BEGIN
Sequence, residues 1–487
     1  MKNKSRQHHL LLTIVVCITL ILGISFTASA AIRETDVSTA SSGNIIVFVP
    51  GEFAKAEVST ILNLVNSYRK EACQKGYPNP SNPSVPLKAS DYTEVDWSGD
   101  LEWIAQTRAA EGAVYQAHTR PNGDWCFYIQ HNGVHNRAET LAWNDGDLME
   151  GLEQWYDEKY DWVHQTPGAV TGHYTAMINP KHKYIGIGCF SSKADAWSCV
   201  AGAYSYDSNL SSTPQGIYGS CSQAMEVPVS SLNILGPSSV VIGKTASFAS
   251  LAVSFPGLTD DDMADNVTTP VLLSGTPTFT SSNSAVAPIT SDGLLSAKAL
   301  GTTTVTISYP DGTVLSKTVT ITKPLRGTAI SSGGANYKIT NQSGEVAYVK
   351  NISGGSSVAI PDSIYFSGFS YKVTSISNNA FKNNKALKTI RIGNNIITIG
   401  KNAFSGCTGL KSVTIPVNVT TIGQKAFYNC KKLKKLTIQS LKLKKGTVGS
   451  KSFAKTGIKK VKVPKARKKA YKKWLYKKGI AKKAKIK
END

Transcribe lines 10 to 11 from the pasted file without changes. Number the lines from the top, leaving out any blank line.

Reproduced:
   401  KNAFSGCTGL KSVTIPVNVT TIGQKAFYNC KKLKKLTIQS LKLKKGTVGS
   451  KSFAKTGIKK VKVPKARKKA YKKWLYKKGI AKKAKIK